The following is an account from Steve Coyle, a U.S. citizen living in Malaysia and working for Malaysia-based ServiceWinners International. Coyle and his training team provided supervisory and sales development training to employees of a mobile phone operator in Kabul late last year.
Training in Afghanistan may not be for everyone, but for our training team, it was an exhilarating experience. The team from our company consisted of myself, Dalwi Lee Wei Keat, a Malaysian of Chinese descent and Jude Louis, a Malaysian of Indian descent. The chance to train in Afghanistan presented itself right after two of our trainers survived the Dec. 26, 2004, Asian tsunami on Penang Island, Malaysia. After that experience, training employees at Telecom Development Company Afghanistan in Kabul sounded doable.
The learning environment in Kabul was more diverse than usual. As trainers, we were aware of multiple dynamics within the classroom. For example, some women felt uncomfortable sitting next to men. Also, taking a group photo is de rigueur in our home base of Malaysia, but in Afghanistan, it was a totally different story.
Afghanistan is comprised of multiple ethnic groups. We had Pashtuns, Hazaras, Uzbeks and Tajiks in our classroom. These ethnic lines are further sub-divided by religious sects. Our client had Sunni and Shia Muslim employees. Then, the learners were further sub-divided by clans. Besides the local ethnic and religious groups, each of our workshops contained a few ex-pats who came from Algeria, France, Canada and India.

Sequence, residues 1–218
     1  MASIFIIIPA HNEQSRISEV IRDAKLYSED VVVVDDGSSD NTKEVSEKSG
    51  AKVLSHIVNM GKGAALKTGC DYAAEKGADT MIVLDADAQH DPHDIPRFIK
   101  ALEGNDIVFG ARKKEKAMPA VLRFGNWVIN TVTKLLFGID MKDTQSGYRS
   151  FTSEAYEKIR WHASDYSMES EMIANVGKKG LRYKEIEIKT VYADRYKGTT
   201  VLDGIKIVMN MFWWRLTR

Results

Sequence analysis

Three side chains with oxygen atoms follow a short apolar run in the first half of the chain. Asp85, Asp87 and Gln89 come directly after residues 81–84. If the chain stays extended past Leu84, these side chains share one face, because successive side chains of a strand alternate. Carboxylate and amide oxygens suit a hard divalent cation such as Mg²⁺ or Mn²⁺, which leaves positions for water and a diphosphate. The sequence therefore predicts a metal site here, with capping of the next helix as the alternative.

There were other differences within the classroom—some learners had prejudices against those who fled the country to escape the wars. They were considered undeserving of good positions in the company, whereas those who fled considered themselves better educated and in possession of more valuable work experience than those who stayed behind.
There were age divisions. Our client's workforce consisted primarily of those in their late teens to early 20s since most of the middle-age population has been decimated by wars. Some older staff in a traditional society like Afghanistan had difficulty working for a supervisor in his or her late teens who was educated in Pakistan and spoke fluent English.
There was also a gender imbalance in the classroom; 80 percent of the learners were male. During the Taliban era, women were forbidden to work. As a result, women lack English-language and business skills.
Although the learners come from diverse backgrounds, it was refreshing to see that they considered themselves Afghans first. They were proud of their nation and genuinely wanted to better themselves both for their own good and the good of their nation.
The Afghan learners were like sponges. They were eager to learn as much as possible. They cornered you at breaks, lunch and after work to learn from you. The training coordinators advised us that running the sessions during the weekends was acceptable as this is the first "modern" training many of the learners had ever received.